Consent to Treatment in Children (Mental Capacity and Mental Health Legislation)

oPatientPlus articles are written by UK doctors and are based on research evidence, UK and European Guidelines. They are designed for health professionals to use, so you may find the language more technical than the condition leaflets.

See also the separate article Consent To Treatment (Mental Capacity and Mental Health Legislation).

Children and young people should be involved as much as possible in decisions about their care, even when they are not able to make decisions on their own.[1]

  • When obtaining consent, the doctor must establish whether the child is legally competent (in legal terms, 'have capacity' to give consent).
  • All people aged 16 and over are presumed in law to have the capacity to consent to treatment unless there is evidence to the contrary.
  • If the child is deemed not legally competent, consent will need to be obtained from someone with parental responsibility, unless it is an emergency.
  • Emergency treatment can be provided without consent to save the life of, or prevent serious deterioration in the health of, a child or young person.
  • The legal position differs, depending on whether the young person is aged over or under 16 (see below).

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  • Just because a person is aged over 16, this does not, as with adults, necessarily mean that the person is competent. A competent person:
    • Is able to understand and retain the information pertinent to the decision about their care, ie the nature, purpose and possible consequences of the proposed investigations or treatment, as well as the consequences of not having treatment.
    • Is able to use this information to consider whether or not they should consent to the intervention offered.
    • Is able to communicate their wishes.
  • It should not be assumed that children with learning difficulties are unable to take competent decisions, which can be aided by presenting them with information in an appropriate way.
  • If a child is deemed not competent, a person with parental responsibility would need to give consent.
  • If a child lacks the capacity to consent and consent from someone with parental responsibility is required, only one individual needs to be approached.[3] However, it is good practice to involve all those close to the child if possible. If parents cannot agree and disputes cannot be resolved informally, seek legal advice about whether you should apply to the court.
  • Once an individual has reached the age of 18, no one can give consent on their behalf. If they are not competent, clinicians can provide treatment and care, providing this is in their best interests.[2]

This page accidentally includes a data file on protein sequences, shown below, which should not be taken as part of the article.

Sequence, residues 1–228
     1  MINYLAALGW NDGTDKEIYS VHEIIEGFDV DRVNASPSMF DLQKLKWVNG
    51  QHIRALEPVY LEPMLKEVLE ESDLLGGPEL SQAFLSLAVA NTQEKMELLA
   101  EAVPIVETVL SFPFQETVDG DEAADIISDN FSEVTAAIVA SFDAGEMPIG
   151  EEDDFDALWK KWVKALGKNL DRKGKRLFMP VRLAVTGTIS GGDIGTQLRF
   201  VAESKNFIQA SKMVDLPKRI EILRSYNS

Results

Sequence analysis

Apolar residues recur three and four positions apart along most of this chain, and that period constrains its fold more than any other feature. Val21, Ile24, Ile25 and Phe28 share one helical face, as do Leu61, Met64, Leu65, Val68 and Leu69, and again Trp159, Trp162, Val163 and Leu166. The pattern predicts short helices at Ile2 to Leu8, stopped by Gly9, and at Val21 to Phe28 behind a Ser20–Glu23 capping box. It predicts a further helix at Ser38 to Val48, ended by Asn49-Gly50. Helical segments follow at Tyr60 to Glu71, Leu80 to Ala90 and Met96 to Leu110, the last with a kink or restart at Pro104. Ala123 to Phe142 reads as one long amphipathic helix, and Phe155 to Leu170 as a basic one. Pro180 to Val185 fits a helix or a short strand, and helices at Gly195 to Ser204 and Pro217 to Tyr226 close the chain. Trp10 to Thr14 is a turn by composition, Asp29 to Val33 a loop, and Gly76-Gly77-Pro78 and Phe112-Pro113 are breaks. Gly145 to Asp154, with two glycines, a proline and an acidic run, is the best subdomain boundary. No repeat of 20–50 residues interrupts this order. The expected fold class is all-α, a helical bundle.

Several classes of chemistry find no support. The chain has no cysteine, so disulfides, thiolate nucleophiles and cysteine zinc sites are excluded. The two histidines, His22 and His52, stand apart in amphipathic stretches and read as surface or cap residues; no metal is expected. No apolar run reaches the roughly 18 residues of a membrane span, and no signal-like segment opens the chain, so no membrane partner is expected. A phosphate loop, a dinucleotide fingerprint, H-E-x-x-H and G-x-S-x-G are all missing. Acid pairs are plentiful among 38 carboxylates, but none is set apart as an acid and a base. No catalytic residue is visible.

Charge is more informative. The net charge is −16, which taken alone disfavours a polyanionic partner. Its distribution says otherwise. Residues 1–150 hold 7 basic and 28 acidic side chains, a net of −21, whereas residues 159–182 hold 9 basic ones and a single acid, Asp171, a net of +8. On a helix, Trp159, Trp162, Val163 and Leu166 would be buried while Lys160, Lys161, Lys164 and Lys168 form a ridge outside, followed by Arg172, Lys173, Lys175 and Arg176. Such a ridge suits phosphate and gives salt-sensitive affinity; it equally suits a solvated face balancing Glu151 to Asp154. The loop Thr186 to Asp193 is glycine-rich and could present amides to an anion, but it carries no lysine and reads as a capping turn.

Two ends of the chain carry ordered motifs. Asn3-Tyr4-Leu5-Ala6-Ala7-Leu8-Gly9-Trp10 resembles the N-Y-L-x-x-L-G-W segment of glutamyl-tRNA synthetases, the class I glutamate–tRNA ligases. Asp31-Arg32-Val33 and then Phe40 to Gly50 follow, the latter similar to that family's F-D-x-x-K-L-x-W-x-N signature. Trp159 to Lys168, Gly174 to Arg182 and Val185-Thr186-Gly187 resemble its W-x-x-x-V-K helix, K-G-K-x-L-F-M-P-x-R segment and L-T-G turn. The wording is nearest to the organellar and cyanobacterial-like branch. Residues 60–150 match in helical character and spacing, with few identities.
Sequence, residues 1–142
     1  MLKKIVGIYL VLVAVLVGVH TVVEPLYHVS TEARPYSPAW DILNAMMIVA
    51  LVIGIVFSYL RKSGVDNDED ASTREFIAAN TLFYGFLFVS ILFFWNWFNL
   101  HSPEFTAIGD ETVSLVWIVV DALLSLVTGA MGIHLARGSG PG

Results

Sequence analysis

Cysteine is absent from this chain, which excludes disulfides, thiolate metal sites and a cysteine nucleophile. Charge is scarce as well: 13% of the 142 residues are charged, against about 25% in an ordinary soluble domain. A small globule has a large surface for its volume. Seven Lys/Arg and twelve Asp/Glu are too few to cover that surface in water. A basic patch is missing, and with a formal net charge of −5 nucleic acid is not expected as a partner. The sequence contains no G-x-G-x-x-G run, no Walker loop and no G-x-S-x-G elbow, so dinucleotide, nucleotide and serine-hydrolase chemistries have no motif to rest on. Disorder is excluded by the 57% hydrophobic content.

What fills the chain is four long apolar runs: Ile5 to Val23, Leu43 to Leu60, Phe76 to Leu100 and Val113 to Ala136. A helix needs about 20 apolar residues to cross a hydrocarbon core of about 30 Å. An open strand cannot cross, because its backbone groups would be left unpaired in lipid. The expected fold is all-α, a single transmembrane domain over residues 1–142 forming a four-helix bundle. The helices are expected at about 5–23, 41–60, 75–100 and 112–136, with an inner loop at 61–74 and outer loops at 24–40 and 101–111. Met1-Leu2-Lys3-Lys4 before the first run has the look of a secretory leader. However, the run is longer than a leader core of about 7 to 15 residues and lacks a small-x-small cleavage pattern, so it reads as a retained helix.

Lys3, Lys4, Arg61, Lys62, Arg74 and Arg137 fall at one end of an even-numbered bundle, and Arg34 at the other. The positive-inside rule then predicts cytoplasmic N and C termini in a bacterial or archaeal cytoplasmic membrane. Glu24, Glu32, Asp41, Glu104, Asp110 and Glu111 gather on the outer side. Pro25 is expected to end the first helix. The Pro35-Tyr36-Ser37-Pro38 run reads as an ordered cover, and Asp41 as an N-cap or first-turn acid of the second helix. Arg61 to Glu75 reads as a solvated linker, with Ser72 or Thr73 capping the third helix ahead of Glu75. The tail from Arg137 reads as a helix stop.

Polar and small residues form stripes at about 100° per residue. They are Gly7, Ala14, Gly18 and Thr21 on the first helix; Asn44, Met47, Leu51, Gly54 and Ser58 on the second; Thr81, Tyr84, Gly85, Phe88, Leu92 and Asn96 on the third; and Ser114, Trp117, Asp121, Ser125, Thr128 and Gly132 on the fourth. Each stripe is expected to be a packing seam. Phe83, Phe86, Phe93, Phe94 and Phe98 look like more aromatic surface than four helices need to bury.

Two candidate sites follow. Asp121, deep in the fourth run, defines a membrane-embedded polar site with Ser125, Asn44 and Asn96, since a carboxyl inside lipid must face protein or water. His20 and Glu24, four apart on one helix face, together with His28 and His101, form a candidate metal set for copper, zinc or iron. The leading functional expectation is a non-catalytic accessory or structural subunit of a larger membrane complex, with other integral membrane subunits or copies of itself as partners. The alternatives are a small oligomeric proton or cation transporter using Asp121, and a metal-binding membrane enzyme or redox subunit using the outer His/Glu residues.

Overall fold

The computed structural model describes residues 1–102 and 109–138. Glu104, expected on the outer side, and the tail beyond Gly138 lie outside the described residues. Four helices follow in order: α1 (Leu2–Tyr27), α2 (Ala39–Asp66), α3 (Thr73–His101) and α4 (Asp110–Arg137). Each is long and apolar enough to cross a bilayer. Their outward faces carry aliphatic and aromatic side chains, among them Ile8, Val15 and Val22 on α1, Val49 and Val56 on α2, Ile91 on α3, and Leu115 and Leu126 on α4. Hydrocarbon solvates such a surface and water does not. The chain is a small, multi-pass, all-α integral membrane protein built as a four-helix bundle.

• Parental responsibility includes the right of parents to consent to treatment on behalf of a child when the child is unable to provide valid consent for himself or herself, provided the treatment is in the interests of the child.
  • Those with parental responsibility have a statutory right to apply for access to their children's health records, although if the child is capable of giving consent, he or she must consent to the access.
  • The Children Act 1989 outlines who has parental responsibility. This includes:[5]
    • A mother always has parental responsibility for her child.
    • A father only has this responsibility if he is married to the mother when the child is born or has acquired legal responsibility for his child by:
      • Jointly registering the birth of the child with the mother (since December 2003).
      • A parental responsibility agreement with the mother.
      • A parental responsibility order, made by a court.
    • The child's legally appointed guardian - appointed either by a court or by a parent with parental responsibility in the event of their own death.
    • A person in whose favour a court has made a residence order concerning the child.
    • A local authority designated in a care order in respect of the child (but not where the child is being looked after under section 20 of the Children Act, also known as being 'accommodated' or in 'voluntary care').
    • A local authority or other authorised person who holds an emergency protection order in respect of the child.
  • Foster parents, grandparents and indeed parents under the age of sixteen do not automatically have parental responsibility. In the latter case, the individual needs to be deemed Gillick competent (see 'Children under the age of 16', below) before they can give consent on behalf of their child.
  • Children who are wards of court will need to have their 'important steps' approved by the court. It is helpful to keep a copy of the ward papers with the medical records, as this will act as a guide as to what routine treatment can be offered without reference to the court.
  • Where doctors believe that parental decisions are not in the best interests of the child, it may be necessary to seek a view from the courts, whilst meanwhile only providing emergency treatment that is essential to preserve life or prevent serious deterioration.